Sannino is the latest victim of foreign invasion
FAMOUSLY, Len Shackleton’s autobiography contained a chapter entitled ‘The Average Director’s Knowledge of Football, consisting of a single blank page’. Then, as now, the men in suits were kept at arm’s length, their money welcomed but their input scorned. Their domain was the boardroom, not the pitch.
But as Beppe Sannino’s sudden departure from Watford illustrates, that kind of thinking is as out-dated as the backpass and the leather caser.
Sannino resigned on Sunday, just hours after a 4-2 victory over Huddersfield had sent the Hornets second in the Championship. “I have,” he said,“gone as far as I can.”
Note, here, that the 57-year-old didn’t use the old perennial “taken the club” as far as I can. This was personal.
For weeks, even months, it has been rumoured that the dressing room was fractious; a discontent with Sannino’s old-school methods, a growing disquiet over his inability to give English instructions.
But while there were undoubtedly arguments between Sannino and his players (which manager was ever universally adored?) it is not why the Italian currently has his feet up back in Lombardy. It was, in fact, Watford’s owners the Pozzo family who’d tired of Sannino’s attitude.
As we all know, the Pozzos also own La Liga side Grenada and Serie A outfit Udinese. Both turn a profit, both are relatively successful. Both churn out top-class players to beat the band. And, to the Pozzos at least, that is no accident.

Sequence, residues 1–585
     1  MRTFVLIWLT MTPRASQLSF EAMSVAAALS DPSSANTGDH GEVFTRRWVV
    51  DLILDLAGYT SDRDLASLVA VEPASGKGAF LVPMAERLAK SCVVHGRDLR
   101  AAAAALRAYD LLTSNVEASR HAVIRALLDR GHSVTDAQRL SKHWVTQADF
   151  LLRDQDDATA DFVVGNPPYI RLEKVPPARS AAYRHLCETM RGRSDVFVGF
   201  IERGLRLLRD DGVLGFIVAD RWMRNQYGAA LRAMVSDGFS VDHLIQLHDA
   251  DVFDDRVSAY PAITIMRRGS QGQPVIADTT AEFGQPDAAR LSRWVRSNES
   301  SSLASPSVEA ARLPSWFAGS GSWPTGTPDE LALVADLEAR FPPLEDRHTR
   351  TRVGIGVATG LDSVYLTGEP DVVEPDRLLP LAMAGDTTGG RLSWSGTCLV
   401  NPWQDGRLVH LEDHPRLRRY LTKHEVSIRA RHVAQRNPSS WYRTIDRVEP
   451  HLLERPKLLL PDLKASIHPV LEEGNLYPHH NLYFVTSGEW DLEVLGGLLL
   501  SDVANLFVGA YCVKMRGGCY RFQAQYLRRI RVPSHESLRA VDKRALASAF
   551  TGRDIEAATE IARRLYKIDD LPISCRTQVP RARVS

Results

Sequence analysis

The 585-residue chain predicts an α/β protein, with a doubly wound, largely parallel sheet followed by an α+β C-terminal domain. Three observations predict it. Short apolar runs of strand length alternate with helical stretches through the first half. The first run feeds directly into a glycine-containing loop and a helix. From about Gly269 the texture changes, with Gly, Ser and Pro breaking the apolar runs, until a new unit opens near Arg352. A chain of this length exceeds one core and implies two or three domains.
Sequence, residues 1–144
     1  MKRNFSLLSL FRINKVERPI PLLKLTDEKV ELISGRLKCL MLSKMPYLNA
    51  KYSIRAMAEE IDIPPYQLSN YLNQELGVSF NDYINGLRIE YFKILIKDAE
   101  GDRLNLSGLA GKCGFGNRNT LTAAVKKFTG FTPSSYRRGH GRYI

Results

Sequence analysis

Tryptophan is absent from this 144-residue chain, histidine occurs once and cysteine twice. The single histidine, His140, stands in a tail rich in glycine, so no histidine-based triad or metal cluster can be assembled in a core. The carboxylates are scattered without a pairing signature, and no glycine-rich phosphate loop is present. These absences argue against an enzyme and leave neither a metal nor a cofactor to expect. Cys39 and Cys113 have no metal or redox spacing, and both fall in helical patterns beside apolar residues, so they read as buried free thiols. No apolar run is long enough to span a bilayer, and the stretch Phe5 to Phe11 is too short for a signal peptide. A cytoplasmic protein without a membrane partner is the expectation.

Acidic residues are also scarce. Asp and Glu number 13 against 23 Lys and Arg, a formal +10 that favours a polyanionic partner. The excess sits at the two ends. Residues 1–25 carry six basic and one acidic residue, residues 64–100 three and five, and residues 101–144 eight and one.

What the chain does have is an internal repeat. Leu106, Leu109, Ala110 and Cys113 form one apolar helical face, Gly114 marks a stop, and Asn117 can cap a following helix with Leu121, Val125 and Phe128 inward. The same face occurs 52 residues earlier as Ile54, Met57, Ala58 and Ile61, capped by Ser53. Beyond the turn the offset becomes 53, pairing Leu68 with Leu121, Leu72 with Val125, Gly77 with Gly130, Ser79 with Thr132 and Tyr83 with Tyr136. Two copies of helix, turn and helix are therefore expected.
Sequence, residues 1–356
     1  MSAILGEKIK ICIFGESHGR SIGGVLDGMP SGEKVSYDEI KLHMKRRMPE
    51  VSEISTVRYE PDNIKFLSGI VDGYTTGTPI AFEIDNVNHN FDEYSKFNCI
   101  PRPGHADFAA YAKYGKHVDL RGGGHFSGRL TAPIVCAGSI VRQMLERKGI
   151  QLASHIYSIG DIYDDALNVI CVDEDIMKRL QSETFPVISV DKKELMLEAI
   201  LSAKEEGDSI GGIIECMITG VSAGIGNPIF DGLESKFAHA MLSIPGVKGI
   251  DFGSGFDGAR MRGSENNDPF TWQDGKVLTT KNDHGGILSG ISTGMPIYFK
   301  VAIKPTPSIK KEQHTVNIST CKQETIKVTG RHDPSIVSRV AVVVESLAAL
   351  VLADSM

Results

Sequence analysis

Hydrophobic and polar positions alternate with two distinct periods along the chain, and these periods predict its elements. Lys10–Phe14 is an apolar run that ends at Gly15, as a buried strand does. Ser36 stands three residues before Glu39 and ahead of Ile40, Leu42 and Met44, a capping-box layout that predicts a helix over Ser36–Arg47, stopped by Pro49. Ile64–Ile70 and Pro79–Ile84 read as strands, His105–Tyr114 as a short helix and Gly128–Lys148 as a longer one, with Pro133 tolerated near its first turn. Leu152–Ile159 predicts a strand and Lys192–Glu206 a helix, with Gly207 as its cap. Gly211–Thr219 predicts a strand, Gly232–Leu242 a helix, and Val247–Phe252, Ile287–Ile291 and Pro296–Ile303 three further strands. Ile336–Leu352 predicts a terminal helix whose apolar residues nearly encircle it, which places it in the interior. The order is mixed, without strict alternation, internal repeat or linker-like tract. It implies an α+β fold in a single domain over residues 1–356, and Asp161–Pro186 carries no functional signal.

Over 20 years, they have developed a standardised system of coaching, monitoring their players’ training sessions through GPS devices that send data back to HQ in Italy. They demand exceptional levels of fitness.
Sannino, though, refused to yield, insisting on extensive tactical sessions that, in the eyes of the Pozzos, left Watford’s players bang out of shape.
He was warned to ditch the analysis and defensive drills. He didn’t listen. As a result, he jumped before he was pushed.
Sannino’s final missive – “my methods were working, my results speak for themselves” – was the most thinly-veiled of parting shots.
Had Giampaolo Pozzo been, say, Sam Longson, those results might have immunised Sannino. Brian Clough got away with antagonising directors for decades by delivering the goods on the pitch.
English chairmen begrudgingly accept Shackleton’s verdict and generally behave accordingly. But foreigners? That’s a whole different ball game.
Pozzo, like Massimo Cellino at Leeds, Fawaz Al-Hasawi at Forest and Vincent Tan at Cardiff, isn’t content to simply stump up the cash and then cross his fingers. He wants a finger in his expensively procured pie.
In Pozzo’s case, it is training methods. In Cellino’s, it is deciding which players to sign. And as Fawaz proved last season, if you don’t pick his favourites, you’ll end up in the can.
Here in England, we call it meddling and interference.We lampoon these guys as madmen and megalomaniacs.Yet on the continent, Asia and in the Far East, they simply call it being an owner.
It is a huge cultural clash – and it is one that every manager must get to grips with. As of today, 12 Championship clubs are in foreign hands, 13 if you count Max Demin’s stake at Bournemouth. That’s more than the Premier League.
Even League One isn’t immune, with Barry Hearn selling Leyton Orient to Italian billionaire Francesco Bechetti in the summer.
Hearn – a man whose prodigious foresight has made him a millionaire – said at the time: “The day when all 92 clubs in the country are owned by foreigners is coming now. The Premier League revenue makes any club a trophy asset and if you put in tens of millions then you are pretty much guaranteed to get there.”
Hearn, by his own admission, is a “little Englander” opposed to foreign ownership.Yet even he was made an offer he couldn’t refuse by investors intent on a slice of the pie.
It is a trend that no-one can ignore. Foreign owners aren’t going away. And the all-powerful managers of today are fast becoming the impotent head coaches of tomorrow.